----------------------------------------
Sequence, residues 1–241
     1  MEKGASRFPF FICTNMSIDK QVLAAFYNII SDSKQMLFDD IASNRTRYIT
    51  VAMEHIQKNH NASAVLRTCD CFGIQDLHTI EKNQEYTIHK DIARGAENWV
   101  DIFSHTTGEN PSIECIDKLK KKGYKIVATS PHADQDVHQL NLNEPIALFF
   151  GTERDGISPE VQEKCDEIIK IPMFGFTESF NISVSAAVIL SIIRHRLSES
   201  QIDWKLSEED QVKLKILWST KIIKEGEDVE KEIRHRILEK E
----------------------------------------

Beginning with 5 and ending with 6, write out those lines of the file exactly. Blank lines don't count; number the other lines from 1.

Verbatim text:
   151  GTERDGISPE VQEKCDEIIK IPMFGFTESF NISVSAAVIL SIIRHRLSES
   201  QIDWKLSEED QVKLKILWST KIIKEGEDVE KEIRHRILEK E